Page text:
retinopathyofprematurity.org Macular Degeneration sidebar:
The spectra of fluorescent lamps
The graph of the spectrum from a typical "Cool-white Deluxe" fluorescent lamp shows the wavelengths in nanometers along the horizontal axis and the energy emission in Watts per ten nanometer-band as the vertical axis. The example shown is from Sylvania, but the spectra of the same lamp type from its other manufacturers are virtually identical.
The five rectangular bars that stick out above the smooth curve of the broadband spectrum average the mercury emission lines as columns ten nanometers wide because the graph would otherwise become to tall. They are really very narrow spikes, a great many times taller and thinner than on this graph, and they are virtually the same for most types of fluorescent tubes, such as "Daylight" or "Cool White Deluxe", etc.. The major difference between those types is in the shape of the broadband curve which can be shifted somewhat by using different phosphor mixtures to obtain different color temperatures, but the main emission lines are not much affected by these manipulations.
Compact fluorescent lamps (CFLs) exhibit greater variations in the
relative proportions of these spikes than the fluorescent tubes, but
most of the spectra I saw include the strong spike at 435.8
nanometer. You can find a collection of spectra from some of
the different CFL models at
(Scroll down to the sub-heading
The spectra shown there range from having the tallest mercury
emission line at 435.8 nanometers, as tall or even taller than in
the fluorescent tube spectra, in models such as “Dollar Store”
Sunbrite “warm white” 3000oK 18W and Trisonic “soft white” 6500oK
30W, to third tallest in such CFL models as Osram 2700oK 9W,
Children's eyes are still more transparent
to all blue and shorter wavelengths, including even some of the even
more energetic near-ultraviolet light which adults cannot see, by
definition. In their case, the retinal damage potential is
shown in the "Aphakic eye" columns in the above-linked Table of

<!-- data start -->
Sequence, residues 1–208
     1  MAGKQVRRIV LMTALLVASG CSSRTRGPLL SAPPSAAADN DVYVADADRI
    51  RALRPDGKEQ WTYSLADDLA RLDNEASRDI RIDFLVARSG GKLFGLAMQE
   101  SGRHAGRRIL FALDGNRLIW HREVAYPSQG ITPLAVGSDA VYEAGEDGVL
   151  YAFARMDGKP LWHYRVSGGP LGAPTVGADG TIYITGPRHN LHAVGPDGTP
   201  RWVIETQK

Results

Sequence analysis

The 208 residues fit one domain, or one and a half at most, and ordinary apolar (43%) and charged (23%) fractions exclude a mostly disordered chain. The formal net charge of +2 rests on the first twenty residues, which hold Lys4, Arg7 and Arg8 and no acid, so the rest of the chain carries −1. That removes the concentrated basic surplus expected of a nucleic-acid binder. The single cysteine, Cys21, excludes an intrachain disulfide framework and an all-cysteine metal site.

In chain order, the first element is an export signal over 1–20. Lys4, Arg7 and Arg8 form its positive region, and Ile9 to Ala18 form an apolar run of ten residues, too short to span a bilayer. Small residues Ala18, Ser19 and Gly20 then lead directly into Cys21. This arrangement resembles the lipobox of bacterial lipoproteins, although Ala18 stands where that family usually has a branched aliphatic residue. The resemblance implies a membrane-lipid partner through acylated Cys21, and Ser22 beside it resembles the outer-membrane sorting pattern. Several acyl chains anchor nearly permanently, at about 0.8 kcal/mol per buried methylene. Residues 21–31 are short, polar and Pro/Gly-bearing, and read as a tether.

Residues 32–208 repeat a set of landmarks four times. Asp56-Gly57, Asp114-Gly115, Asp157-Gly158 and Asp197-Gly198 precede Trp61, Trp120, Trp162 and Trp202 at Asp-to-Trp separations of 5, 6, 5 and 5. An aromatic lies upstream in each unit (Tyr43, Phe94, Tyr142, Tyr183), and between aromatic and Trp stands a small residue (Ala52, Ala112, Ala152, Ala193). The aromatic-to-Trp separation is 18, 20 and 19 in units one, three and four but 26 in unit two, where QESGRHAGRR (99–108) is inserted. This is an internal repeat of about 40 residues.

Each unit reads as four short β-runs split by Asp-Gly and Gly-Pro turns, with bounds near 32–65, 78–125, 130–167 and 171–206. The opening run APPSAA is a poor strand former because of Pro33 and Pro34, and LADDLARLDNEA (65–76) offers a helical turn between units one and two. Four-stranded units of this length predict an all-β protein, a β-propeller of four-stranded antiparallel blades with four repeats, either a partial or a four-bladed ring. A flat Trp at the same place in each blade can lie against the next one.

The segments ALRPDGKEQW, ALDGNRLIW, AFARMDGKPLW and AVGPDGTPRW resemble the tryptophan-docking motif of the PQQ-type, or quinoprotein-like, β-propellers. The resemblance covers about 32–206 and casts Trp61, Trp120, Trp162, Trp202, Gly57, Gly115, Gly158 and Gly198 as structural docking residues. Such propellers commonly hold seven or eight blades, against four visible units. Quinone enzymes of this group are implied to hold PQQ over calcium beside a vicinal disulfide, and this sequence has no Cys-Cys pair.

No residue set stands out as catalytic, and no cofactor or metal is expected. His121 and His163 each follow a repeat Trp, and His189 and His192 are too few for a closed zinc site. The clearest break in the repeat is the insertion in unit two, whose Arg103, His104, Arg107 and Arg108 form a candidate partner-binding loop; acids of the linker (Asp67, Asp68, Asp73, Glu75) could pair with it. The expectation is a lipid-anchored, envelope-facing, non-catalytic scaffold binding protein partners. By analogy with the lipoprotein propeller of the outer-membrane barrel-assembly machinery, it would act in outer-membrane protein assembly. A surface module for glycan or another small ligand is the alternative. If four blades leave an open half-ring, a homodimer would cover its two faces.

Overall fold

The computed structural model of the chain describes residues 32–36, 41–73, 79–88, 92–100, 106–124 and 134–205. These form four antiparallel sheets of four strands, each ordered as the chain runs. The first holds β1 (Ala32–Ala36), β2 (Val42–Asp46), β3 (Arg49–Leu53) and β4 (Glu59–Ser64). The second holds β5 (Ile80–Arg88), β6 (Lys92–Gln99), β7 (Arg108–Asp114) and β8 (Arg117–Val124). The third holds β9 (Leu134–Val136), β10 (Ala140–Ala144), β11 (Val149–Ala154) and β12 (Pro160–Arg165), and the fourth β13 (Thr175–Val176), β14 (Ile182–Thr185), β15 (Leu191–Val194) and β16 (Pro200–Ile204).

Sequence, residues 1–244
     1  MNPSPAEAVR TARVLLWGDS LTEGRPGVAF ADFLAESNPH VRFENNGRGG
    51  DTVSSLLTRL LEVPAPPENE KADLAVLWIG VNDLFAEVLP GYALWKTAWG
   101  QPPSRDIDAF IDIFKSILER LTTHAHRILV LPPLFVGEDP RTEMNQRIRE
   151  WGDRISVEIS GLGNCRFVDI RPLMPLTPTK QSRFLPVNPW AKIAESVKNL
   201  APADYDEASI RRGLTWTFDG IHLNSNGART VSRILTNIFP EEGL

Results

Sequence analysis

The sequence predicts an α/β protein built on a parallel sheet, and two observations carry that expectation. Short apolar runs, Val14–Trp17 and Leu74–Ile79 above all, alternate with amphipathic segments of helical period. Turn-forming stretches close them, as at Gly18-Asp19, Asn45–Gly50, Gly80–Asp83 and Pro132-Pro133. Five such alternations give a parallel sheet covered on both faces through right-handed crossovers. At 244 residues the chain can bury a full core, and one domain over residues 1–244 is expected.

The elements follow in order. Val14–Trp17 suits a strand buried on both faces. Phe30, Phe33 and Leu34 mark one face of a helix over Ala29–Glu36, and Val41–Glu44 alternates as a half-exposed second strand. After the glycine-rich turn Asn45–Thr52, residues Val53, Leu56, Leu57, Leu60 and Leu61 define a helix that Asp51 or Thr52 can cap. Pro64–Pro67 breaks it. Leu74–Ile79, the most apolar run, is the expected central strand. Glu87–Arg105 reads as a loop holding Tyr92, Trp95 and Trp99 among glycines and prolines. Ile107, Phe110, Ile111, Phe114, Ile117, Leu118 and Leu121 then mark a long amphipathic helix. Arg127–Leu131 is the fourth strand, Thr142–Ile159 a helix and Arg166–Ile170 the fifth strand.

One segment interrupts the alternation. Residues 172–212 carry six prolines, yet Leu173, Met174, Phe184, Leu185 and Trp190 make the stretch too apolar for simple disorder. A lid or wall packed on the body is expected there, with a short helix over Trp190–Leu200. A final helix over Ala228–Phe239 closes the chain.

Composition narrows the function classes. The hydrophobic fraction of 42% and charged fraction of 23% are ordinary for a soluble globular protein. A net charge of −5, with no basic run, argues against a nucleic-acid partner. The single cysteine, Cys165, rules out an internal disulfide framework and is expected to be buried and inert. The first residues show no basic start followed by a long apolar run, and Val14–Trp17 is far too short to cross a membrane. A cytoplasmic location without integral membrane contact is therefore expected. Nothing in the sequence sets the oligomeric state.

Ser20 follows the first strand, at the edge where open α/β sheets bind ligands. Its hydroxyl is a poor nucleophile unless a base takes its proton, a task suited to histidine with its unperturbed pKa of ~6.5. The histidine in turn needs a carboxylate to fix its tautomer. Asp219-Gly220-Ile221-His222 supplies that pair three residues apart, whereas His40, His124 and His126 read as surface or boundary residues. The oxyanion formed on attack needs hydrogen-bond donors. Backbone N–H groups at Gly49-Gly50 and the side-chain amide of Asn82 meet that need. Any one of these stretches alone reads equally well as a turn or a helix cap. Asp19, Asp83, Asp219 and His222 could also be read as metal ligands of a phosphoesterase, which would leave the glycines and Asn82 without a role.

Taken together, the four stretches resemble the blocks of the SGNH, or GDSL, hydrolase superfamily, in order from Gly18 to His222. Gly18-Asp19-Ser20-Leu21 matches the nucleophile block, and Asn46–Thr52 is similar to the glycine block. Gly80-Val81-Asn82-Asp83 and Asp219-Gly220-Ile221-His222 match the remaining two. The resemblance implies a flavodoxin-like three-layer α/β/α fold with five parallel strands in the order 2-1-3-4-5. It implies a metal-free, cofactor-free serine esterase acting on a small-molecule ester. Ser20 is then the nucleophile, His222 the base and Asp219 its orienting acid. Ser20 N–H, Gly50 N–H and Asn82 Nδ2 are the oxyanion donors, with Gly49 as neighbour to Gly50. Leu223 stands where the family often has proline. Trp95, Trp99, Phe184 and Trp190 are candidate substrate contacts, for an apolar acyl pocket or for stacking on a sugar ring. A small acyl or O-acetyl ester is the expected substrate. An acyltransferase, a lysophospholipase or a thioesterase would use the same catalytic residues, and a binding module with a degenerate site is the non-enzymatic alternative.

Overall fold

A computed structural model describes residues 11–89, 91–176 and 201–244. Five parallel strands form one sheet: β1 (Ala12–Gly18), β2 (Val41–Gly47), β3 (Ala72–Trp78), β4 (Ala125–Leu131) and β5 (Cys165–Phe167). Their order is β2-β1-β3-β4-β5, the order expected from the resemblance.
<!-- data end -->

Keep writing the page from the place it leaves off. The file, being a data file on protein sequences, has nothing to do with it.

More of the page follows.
damage-weighted retinal irradiances.
Children's eyes are still more transparent to all blue and shorter wavelengths, including even some of the even more energetic near-ultraviolet light which adults cannot see, by definition. In their case, the retinal damage potential is shown in the "Aphakic eye" columns in the above-linked Table of damage-weighted retinal irradiances.
Many fluorescent tubes emit only small amounts of energy in the
ultraviolet range below 400 nanometer, as in the above graph and
the Table below, but others have stronger emissions in that region
that are not fully filtered by their
glass wall or their plastic diffuser.
Many fluorescent tubes emit only small amounts of energy in the ultraviolet range below 400 nanometer, as in the above graph and the Table below, but others have stronger emissions in that region that are not fully filtered by their glass wall or their plastic diffuser.
Column 1 in this Table lists the wavelengths in nanometers (nm) in which the “Cool White Deluxe” lamp emits its radiation.
Column 2 shows the energy of that emission in Watts for each wavelength interval of ten nm. Please note the emission spike at 435 nm.
The third column gives the U.S. Occupational Safety Guidelines' action spectrum for the "blue-light hazard function" which the National Institute for Occupational Safety and Health (NIOSH) first published in 1980. It shows the maximum vulnerability range from 435 to 440 nm where the emission from the lamp is strongest [SLINEY DH, WOLBORSHT ML. Safety standards and measurement techniques for high intensity light sources. Vision Res 1980: 20: 1133-41 (see page 1137)] .
The fourth column multiplies the irradiance from the lamp in column 2 with the value of that “blue-light hazard function” in column 3 to obtain the "damage-weighted irradiance" from that wavelength band that reaches the retina in a normal adult eye. The lens of that eye is usually yellowed and so filters out much of the most damaging blue and violet radiation.
Column 5 lists the corresponding photic hazard function for aphakic eyes, that is, eyes like those of children whose lens is not yet yellowed and therefore lets through the even more damaging radiation at shorter and therefore more energetic wavelengths.
The last column lists the damage-weighted irradiance from those fluorescent nursery lamps on the retinae of unprotected eyes like those of children.
Continue to a discussion of damage-weighted irradiance and its effects on the retinae of premature babies when their still developing eyes are at their most vulnerable stage.